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Lib Dems win a greater share of the vote than Labour in local elections

May 5, 2006 9:08 AM

Liberal Democrat leader Sir Menzies Campbell has said the local elections represented "consolidation" as the Lib Dems won a greater share of the vote than Labour. Sir Menzies said the elections had not been a "test" of his leadership but of the party in general.

The party's president, Simon Hughes, said the Lib Dems were continuing to make progress. "Compared with five, 10, 15, 20 years ago, where we were not a presence in Sheffield, in Newcastle, in Birmingham, in Manchester - in all the big places... we have been building up solidly and in terms of the numbers of councillors... we're not far behind Labour in terms of councillors elected," he said.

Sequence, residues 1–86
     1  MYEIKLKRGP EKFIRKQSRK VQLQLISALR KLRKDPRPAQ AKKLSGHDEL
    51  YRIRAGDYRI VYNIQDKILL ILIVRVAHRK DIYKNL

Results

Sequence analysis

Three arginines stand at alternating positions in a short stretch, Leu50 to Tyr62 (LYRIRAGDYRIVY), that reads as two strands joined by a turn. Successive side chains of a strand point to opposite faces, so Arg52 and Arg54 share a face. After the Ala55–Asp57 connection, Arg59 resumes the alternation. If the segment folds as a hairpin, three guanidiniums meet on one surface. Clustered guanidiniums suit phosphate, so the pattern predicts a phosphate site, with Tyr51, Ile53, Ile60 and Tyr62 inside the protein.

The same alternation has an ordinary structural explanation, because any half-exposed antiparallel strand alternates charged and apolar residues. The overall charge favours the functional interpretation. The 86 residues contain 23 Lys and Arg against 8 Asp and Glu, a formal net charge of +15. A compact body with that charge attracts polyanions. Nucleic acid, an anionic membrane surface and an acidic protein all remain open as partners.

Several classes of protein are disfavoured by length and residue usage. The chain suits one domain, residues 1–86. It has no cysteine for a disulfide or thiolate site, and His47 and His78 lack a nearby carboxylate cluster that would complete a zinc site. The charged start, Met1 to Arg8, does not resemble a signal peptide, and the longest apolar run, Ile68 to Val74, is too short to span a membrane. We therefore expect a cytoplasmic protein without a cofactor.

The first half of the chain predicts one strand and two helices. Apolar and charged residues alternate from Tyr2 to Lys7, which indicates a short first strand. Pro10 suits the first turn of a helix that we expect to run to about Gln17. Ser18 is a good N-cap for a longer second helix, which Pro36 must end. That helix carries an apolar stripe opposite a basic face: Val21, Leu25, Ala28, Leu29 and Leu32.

The Lib Dems took South Lakeland District Council, in Lancashire, from no overall control, after gaining six Labour seats, two Conservative and one Independent.

In St Albans, Hertfordshire, the Lib Dems narrowly won the council, which previously had no overall control, by gaining two seats.

Liberal Democrat chief executive Lord Rennard told the BBC: "We consider it a good morning actually, to push the Labour Party into third place nationally is not something we'd expected a few years ago. "We made some extremely good gains and very few losses so actually we're really rather pleased this morning."